3/19/20 Thursday: Rainy, then snow chance in Minneapolis forecast

Well, I’m/we’re onto day four of quarantining at our house in Minneapolis. Hopefully you’re at about the same point, or even longer. We’ve gone on lots of little/longer walks, some biking, and some running — but so far the weather hasn’t really been our friend.

Today is more of that trend. We’re seeing a fairly significant spring/late-winter storm moving into the Midwest, which will bring us periods of rain today… and even some thunder in southern MN, followed by some snow chances.

As of 7:30 a.m. this morning, you could see rain over the Twin Cities in this radar view:

Note that larger/wider swath of precipitation SW of St. James in far southern MN. That’s our next round of rain — which’ll likely arrive by late morning.

Taking this from the current radar to the future radar, here’s a look closer to around 1 p.m. this afternoon:

Those yellows and deeper greens indicate moderate to heavy rain chances, and from about Rochester southward we could hear some rumbles of thunder.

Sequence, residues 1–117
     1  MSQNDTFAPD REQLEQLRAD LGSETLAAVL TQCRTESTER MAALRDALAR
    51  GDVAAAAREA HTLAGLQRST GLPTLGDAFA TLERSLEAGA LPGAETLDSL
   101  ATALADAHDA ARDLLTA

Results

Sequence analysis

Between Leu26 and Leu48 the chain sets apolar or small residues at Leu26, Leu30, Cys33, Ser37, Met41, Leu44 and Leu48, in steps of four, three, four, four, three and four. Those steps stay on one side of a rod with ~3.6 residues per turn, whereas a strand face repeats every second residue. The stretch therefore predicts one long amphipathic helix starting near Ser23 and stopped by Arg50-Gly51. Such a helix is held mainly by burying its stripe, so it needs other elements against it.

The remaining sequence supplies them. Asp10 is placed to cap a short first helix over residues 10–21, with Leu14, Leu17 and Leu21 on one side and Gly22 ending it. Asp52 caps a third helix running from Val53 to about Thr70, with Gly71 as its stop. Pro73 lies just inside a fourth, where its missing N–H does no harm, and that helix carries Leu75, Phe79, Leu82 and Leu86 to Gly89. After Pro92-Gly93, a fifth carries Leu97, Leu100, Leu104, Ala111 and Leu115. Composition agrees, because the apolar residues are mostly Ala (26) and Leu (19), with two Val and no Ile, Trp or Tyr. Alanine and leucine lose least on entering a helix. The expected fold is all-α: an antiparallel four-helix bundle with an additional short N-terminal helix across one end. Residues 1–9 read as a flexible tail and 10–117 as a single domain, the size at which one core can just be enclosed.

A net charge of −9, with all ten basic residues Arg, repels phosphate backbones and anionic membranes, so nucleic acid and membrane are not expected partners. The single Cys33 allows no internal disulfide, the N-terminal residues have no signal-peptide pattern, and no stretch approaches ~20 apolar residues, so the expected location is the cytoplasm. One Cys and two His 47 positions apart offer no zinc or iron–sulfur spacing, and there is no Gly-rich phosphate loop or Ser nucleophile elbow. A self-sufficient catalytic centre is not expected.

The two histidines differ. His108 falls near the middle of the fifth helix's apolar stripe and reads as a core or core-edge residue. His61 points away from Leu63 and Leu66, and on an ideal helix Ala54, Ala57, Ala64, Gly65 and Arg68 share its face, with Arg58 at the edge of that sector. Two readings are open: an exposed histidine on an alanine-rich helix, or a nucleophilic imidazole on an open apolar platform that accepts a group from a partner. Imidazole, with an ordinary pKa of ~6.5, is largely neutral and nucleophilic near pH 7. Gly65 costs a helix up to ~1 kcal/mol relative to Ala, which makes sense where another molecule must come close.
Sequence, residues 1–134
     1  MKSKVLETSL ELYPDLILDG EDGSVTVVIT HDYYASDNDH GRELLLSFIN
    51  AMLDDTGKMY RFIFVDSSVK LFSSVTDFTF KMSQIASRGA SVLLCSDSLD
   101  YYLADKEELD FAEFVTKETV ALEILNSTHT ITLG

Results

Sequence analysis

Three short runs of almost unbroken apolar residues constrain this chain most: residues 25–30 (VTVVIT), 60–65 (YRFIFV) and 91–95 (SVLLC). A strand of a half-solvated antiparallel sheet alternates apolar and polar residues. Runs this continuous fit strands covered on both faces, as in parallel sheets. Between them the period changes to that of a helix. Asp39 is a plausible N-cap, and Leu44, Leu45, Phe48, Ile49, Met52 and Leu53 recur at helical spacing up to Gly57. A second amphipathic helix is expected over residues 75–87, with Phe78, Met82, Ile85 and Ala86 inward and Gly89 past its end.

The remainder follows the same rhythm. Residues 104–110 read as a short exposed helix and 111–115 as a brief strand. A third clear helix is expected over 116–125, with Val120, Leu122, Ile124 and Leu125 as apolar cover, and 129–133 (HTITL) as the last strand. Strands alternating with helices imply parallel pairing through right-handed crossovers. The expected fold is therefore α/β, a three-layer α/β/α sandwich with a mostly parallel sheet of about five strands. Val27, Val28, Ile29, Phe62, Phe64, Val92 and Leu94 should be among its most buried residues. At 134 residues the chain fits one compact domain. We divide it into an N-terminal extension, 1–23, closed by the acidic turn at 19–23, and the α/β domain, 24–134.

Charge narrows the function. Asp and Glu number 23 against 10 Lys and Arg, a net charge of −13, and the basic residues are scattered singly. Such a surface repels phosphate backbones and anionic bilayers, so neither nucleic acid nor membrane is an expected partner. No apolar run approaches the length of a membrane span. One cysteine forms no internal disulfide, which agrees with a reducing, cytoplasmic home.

You can see the blues in that map above. Thankfully, the snow chance stays farther north and west, and stays minimal in the early going. The better chances for snow in the metro area comes around 6-7 p.m.:

Unfortunately, some of us may wake up to an inch or so of snow on the ground (more is possible/likely, but most will melt on contact or shortly thereafter).

Overall snowfall predicted by high res computer models puts bands of 2″+ out there, but as I mentioned, much of that will melt on contact:

Don’t look too closely at that map above, because those narrow strips of forecasted snow could easily shift north or south slightly, which would dramatically change things. Luckily (in a way), most of us are home anyhow.

Stay tuned, and most importantly — stay in and stay healthy/safe.

Published by Meteorologist Aaron Shaffer

Aaron graduated from the University of Wisconsin-Madison in Atmospheric & Oceanic Sciences, and worked as a meteorologist in television for 8 years (NBC affiliates in Wyoming and South Dakota, and the CBS/Fox affiliate in Cedar Rapids, IA, prior to working at the cable weather station WeatherNation). While in Iowa, Aaron worked as a storm chaser and on-air meteorologist, where he went on dozens of storm chases and saw a number of tornadoes.